Evan felt the anger building again. He couldn't compile the monthly summaries until he had reports from every task leader, and Jeff was always last — and always late. And that made Evan's summary late. How could Jeff get away with this stuff, month after month?
Not long ago, Evan and Jeff had been good friends. Evan had tried asking nicely for the reports, but finally he felt compelled to send some nasty emails copied to Jeff's boss. These "tweaking CCs" (see "The Tweaking CC," Point Lookout for February 7, 2001) had probably ruined their friendship, but if the summaries were late, the company might have lost the contract, and Evan would have been responsible. He had sacrificed his friendship with Jeff because he felt personally responsible for meeting the contract requirements. Evan had taken on the full load.
We're taking on the full load when we feel fully responsible for the success or failure of some group activity. We forget that group success or failure depends on contributions from many people. Instead of seeking help, we take extreme measures to execute responsibilities that might not even be ours.
When we feel fully responsible
for the success or failure
of some group activity,
we might be taking on
the full loadWhile we often credit or blame leadership for organizational success or failure, no job — not even CEO — has full responsibility. Everyone has some responsibility, but no matter what your role, the company can always bloom or wither as a result of the actions of others. None of us is fully responsible.
Yet many of us assume that success depends on us alone. Some common reasons:
- I've been told that I'm responsible.
- Nobody actually told me so, but I know it's expected of me.
- If I don't do it, who will? And if nobody does it, we'll all sink.
- If this doesn't get done, we'll fail as a company.
If you find that you're taking on the full load, consider these possibilities:
- Your job might have been badly designed — it might have too much responsibility.
- You might believe that you're responsible, but it might be only your belief.
- If you don't do it, someone else might.
- Perhaps the company should fail.
When you take on the full load, you risk your career, your family, and your health:
- You put your own health at risk. Stress, sleep disorders, heart disease, depression, and shortened life are possible consequences.
- The quality of your work can degrade, as emotional and health problems develop.
- You risk your relationships with co-workers.
- You risk your relationships with family and friends. Marriages can fail.
Take some time to check whether you're taking on the full load. If you think you might be, ask yourself how that came to be. Think about the personal consequences for you. Is it worth the price? Can you ask for help? Top Next Issue
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More articles on Emotions at Work:
- Demanding Forgiveness
- Working together under stress, we do sometimes hurt each other. Delivering apologies is a skill critical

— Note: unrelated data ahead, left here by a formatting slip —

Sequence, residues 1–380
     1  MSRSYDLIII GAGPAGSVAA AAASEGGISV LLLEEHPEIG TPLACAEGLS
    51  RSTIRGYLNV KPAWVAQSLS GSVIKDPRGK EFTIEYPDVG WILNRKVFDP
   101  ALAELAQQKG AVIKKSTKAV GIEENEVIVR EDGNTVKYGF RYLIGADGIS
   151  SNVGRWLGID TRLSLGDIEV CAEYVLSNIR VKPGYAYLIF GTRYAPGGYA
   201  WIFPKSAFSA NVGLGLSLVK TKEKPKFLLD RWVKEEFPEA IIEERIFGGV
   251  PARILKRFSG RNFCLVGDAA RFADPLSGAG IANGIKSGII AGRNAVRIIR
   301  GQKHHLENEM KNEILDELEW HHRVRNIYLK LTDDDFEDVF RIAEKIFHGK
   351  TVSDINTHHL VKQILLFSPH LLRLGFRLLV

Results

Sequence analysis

to repairing those hurts and maintaining our relationships.
- When You Travel Alone
- Many of us travel as a part of our jobs, and some of us spend a fair amount of that time traveling solo.
Here are some tips for enlivening that time alone while you're traveling for work.
- How to Avoid a Layoff: The Inside Stuff
- These are troubled economic times. Layoffs are becoming increasingly common. Here are some tips for
changing your frame of mind to help reduce the chances that you will be laid off.
- Good Change, Bad Change: II
- When we distinguish good change from bad, we often get it wrong: we favor things that would harm us,
and shun things that would help. When we do get it wrong, we're sometimes misled by social factors.
- Toxic Conflict in Virtual Teams: Minimizing Authority
- Toxic conflict in virtual teams is especially difficult to address, because we bring to it assumptions
about causes and remedies that we've acquired in our experience in co-located teams. In this Part II
of our exploration we examine how minimizing authority tends to convert ordinary creative conflict into
a toxic form.
See also Emotions at Work for more related articles.
Forthcoming issues of Point Lookout
- Coming October 17: Overt Belligerence in Meetings
- Some meetings lose their way in vain attempts to mollify a belligerent participant who simply will not be mollified. Here's one scenario that fits this pattern. Available here and by RSS on October 17.
- And on October 24: Conversation Irritants: I
- Conversations at work can be frustrating even when everyone tries to be polite, clear, and unambiguous. But some people actually try to be nasty, unclear, and ambiguous. Here's Part I of a small collection of their techniques. Available here and by RSS on October 24.
I offer email and telephone coaching at both corporate and individual rates. Contact Rick for details at rbrenZSmjrDvCmwJCHdltner@ChacyRNXgjhdTatQWIhNoCanyon.com or (650) 787-6475, or toll-free in the continental US at (866) 378-5470.
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- The Power Affect: How We Express Our Personal Power
- Many people who possess real organizational power have a characteristic demeanor. It's the way they project their presence. I call this the power affect. Some people — call them power pretenders — adopt the power affect well before they attain significant organizational power. Unfortunately for their colleagues, and for their organizations, power pretenders can attain organizational power out of proportion to their merit or abilities. Understanding the power affect is therefore important for anyone who aims to attain power, or anyone who works with power pretenders. Read more about this program.
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